Kings Defeat Grizzlies, 115-111The Sacramento Kings jumped out to a 15-5 lead over the injury-depleted Memphis Grizzlies and held off a couple furious rallies to win, 115-111. Mike Bibby led Sacramento with a season-high 32 points and also dished out 10 assists. Kevin Martin added 24 points, Shareef Abdur-Rahim had 21 points and 13 rebounds and Ron Artest overcame a bout with back spasms to contribute 19 points on 8-12 field goal shooting. Chucky Atkins led Memphis with 27 points--all of them scored in the second half--on blistering 10-11 field goal shooting.
Ron Artest's back spasms kept him out of the starting lineup and he did not enter the game until the 5:32 mark of the first quarter. The Kings led 18-10 at that point. Artest promptly got his shot blocked, fumbled a defensive rebound, committed a foul and travelled. Nevertheless, the Kings still led 28-20 at the end of the first quarter. Memphis sorely misses All-Star Pau Gasol, who got injured while playing for Spain in this summer's FIBA World Championship and will likely not return to action until January. "When Mike Miller leads your team in rebounding, you know there are some difficulties," ESPN's Bill Walton drolly noted.
Here is some interesting news broken by ESPN's Jim Gray during the game: in an effort to better understand his mercurial forward, new Kings Coach Eric Musselman spent several hours poolside in Las Vegas with Ron Artest learning about rap music; perhaps NBA TV will show some footage of that in a future episode of "Real Training Camp." Musselman did not reveal which artists or tracks he listened to but did say this to ESPN about Artest: "He practices with maximum effort every time...his practice habits are second to none...He wants the ball in clutch situations and he does all this while playing defense."
Memphis chipped away at Sacramento's lead until Mike Miller's three pointer brought the Grizzlies to within 44-41. Sacramento closed the half with a flurry--Artest scored on a drive and then Martin tipped the ensuing inbounds pass to Bibby, who nailed a jumper at the buzzer for a 54-49 lead. Stromile Swift led the Grizzlies with 11 first half points (he ended up with 15 in the game), while Artest finished the half with 10 points on 5-8 shooting. Abdur-Rahim and Bibby also had 10 points each.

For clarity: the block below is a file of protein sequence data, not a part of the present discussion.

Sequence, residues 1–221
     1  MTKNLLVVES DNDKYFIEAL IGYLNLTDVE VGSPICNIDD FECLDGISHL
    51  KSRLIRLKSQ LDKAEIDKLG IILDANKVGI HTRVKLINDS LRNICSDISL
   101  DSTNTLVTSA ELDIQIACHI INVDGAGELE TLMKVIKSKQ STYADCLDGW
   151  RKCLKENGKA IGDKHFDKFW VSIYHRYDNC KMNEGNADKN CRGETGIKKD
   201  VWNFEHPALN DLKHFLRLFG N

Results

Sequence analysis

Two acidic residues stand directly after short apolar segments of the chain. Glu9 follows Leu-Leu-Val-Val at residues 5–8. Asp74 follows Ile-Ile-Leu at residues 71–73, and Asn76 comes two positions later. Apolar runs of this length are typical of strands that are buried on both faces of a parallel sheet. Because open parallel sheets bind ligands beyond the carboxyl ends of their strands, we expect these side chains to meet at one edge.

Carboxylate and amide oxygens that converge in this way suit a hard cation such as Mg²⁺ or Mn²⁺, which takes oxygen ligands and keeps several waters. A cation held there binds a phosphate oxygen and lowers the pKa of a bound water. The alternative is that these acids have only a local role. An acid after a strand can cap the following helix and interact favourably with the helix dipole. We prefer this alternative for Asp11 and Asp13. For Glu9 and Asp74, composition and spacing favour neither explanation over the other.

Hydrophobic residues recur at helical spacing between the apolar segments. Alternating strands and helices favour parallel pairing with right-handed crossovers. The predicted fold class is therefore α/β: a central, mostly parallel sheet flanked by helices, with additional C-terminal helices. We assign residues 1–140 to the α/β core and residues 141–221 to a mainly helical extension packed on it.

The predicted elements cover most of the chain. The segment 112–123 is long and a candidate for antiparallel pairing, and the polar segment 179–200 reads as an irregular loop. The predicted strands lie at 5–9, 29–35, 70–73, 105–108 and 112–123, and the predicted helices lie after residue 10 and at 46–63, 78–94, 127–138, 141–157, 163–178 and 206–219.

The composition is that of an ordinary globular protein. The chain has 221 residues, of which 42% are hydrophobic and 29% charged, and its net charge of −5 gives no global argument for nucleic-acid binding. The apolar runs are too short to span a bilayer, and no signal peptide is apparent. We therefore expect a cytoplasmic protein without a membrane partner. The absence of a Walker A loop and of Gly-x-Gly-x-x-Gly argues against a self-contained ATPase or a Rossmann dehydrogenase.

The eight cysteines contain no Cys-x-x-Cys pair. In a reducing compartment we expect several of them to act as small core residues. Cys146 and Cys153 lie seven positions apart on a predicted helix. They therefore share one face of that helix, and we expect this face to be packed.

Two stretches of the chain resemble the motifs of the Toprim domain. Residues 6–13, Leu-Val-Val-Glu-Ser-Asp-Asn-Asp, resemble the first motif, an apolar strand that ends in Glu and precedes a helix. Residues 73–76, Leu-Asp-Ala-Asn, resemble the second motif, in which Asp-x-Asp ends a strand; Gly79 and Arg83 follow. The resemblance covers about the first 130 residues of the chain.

Atkins' layup with 9:57 remaining in the third quarter gave the Grizzlies not only their first lead versus the Kings but their first lead in two games! Abdur-Rahim immediately answered with a jumper on the next possession, but Atkins scored 11 points in the first four and a half minutes of the quarter, propelling Memphis to a 62-58 advantage. Despite Atkins' Isiah Thomas-like scoring explosion--16 points in the quarter--the Kings recovered to lead 76-70 at the 4:00 mark and 84-77 by the end of the period.
The Kings extended their lead to 96-88 with 7:20 left in the game but less than two and a half minutes later Atkins topped off a 10-0 run with a fast break layup, putting Memphis ahead 99-98 with 4:58 remaining; Atkins scored six of the 10 points. Around that time, Walton wondered what the NBA record is for most points in the second half after not scoring a point in the first half. After a timeout, Martin hit a three pointer to put Sacramento back on top and then Atkins committed an offensive foul on the next possession. The Kings led 109-104 after another Martin three pointer at the 1:06 mark but the Grizzlies kept battling: Swift's two free throws made it a one possession game and after Bibby missed a shot with 27 seconds left Memphis had the ball and an opportunity to tie the game with a three pointer. Instead, Damon Stoudamire drove to the hoop and launched a wildly errant shot. Walton felt that he should have kicked the ball to the open Atkins, who waited in vain behind the three point line; the anguished look on Memphis Coach Mike Fratello's face suggests that he agreed with Walton, but ESPN's Jon Barry defended Stoudamire's play, arguing that there was enough time left to go for a quick two, foul and then try to score again. That may be true, but how often does Stoudamire score when he drives from the top of the key all the way to the hoop? He is not a high flyer or strong finisher; his game is spot up jumpers or pull up shots in the lane. Just look at his career statistics to see what kind of game he has; Stoudamire has shot roughly 1000 more three pointers than free throws during his career. When he attempts the shot that he took near the end of the game he usually either misses badly or is rejected by a waiting big man. Sacramento closed out the win by making six straight free throws.
posted by David Friedman @ 2:01 AM